Well, we have all these free radicals running around making us look bad. We start looking for something to hide what is happening to our bodies. The first place to start is with what you eat. It is safer and more effective to get antioxidants from real food, and not supplements. A variety of vitamins and minerals can sometimes reverse the effects of sun damage, wrinkles and discoloration may also be lessened. This is not a complete list of foods, but this will get you started on repairing damage.

FOOD:                               Serving Size:           Amount of antioxidant:

Small Red Bean               1/2 cup                        13727

Wild Blueberry               1 cup                           13427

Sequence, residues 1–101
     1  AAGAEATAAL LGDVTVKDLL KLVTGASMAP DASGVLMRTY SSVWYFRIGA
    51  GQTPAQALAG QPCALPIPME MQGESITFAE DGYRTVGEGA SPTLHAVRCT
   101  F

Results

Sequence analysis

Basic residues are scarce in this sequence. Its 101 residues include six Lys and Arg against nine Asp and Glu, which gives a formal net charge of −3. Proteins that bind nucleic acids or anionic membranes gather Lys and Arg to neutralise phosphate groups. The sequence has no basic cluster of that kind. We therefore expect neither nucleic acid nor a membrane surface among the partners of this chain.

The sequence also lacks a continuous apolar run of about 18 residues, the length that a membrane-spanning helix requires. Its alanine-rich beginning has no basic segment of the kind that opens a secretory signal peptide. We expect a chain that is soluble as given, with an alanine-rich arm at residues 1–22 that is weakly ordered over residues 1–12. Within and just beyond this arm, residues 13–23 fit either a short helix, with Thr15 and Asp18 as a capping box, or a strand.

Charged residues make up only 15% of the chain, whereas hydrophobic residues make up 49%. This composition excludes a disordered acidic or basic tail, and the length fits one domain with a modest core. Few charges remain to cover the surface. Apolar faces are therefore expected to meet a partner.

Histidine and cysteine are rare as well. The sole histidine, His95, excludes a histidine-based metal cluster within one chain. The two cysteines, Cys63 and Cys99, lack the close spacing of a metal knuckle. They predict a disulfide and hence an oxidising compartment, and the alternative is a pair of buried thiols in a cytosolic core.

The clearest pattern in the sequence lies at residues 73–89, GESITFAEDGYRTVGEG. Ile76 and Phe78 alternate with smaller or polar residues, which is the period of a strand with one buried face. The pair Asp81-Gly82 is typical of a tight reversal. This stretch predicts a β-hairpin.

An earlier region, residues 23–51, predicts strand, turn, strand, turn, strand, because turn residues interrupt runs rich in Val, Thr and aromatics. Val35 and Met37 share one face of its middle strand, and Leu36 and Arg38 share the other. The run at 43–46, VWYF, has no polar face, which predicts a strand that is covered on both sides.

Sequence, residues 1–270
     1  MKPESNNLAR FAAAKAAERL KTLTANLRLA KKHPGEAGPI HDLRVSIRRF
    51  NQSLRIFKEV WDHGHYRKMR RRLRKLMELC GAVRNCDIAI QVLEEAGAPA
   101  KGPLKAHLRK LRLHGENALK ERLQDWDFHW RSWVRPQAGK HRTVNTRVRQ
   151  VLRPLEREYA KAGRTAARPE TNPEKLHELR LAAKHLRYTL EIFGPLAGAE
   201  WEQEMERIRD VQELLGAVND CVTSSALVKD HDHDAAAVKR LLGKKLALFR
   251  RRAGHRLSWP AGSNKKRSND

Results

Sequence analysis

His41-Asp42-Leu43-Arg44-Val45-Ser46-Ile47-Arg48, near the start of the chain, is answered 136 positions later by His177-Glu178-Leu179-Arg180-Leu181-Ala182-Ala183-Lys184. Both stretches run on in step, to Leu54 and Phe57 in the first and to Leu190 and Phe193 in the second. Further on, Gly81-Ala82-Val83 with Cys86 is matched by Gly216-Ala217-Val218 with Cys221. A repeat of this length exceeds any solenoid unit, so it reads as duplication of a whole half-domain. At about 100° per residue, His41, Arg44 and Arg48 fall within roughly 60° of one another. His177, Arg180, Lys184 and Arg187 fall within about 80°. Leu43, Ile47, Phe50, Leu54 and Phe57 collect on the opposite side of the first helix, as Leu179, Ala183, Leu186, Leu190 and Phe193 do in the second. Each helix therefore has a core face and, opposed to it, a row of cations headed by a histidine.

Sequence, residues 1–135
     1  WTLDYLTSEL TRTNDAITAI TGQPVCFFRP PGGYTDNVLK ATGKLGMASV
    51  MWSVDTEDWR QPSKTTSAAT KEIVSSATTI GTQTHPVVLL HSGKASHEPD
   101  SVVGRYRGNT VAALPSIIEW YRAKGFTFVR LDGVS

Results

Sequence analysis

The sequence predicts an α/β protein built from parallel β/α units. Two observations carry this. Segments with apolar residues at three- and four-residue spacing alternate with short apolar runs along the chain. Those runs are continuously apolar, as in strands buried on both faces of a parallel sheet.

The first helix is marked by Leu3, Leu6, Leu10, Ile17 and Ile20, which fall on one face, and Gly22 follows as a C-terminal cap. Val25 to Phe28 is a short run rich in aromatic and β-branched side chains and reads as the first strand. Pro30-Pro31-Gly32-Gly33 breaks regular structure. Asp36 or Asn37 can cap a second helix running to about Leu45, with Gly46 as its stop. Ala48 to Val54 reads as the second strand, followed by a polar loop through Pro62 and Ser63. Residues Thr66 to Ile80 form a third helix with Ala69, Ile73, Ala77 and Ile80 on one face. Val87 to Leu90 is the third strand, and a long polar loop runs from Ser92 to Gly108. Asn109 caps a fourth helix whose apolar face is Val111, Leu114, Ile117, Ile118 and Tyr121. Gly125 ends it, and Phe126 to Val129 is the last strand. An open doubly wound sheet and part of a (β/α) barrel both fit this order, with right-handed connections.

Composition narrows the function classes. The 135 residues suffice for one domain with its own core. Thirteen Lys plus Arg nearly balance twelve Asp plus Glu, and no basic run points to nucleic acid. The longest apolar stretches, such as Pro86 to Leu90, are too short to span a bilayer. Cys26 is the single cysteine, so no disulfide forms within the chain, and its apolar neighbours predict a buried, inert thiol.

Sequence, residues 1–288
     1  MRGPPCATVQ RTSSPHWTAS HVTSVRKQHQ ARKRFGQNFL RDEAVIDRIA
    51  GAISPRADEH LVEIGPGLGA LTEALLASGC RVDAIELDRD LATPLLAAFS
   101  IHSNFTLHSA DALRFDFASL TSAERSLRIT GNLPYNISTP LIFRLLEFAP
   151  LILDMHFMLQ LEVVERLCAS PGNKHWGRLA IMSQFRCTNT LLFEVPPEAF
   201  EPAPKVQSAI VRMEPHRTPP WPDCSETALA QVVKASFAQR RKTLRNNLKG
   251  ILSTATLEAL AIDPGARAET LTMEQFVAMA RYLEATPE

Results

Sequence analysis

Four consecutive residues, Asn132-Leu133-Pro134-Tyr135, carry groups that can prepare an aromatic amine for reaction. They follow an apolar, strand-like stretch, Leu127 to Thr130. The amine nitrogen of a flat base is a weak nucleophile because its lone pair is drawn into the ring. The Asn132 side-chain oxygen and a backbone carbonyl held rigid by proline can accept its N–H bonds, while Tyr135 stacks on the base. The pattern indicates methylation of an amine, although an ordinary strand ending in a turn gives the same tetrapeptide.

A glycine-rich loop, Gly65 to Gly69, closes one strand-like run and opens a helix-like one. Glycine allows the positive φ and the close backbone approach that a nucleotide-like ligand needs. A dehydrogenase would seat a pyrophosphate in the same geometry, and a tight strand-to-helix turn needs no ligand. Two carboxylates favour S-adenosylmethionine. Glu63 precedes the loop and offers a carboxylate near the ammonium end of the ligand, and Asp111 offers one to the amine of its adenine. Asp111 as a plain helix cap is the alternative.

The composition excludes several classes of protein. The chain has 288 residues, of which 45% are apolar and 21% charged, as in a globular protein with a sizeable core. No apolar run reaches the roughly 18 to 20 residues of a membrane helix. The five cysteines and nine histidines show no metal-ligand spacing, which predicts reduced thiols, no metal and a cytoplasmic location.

Red Kidney Beans           1/2 cup                        13259

Pinto Bean                        1/2 cup                       11864

Blueberry                          1 cup                          9019

Cranberry                          1 cup                          8983

Artichoke Hearts              1 cup                          7904

Blackberry                         1 cup                           7701

Prune                                   1/2 cup                       7291

Raspberry                           1 cup                           6058

Strawberry                          1 cup                          5938

Red Delicious Apple           1                                 5900

Granny Smith Apple           1                                5381

Pecans                                    1 ounce                    5095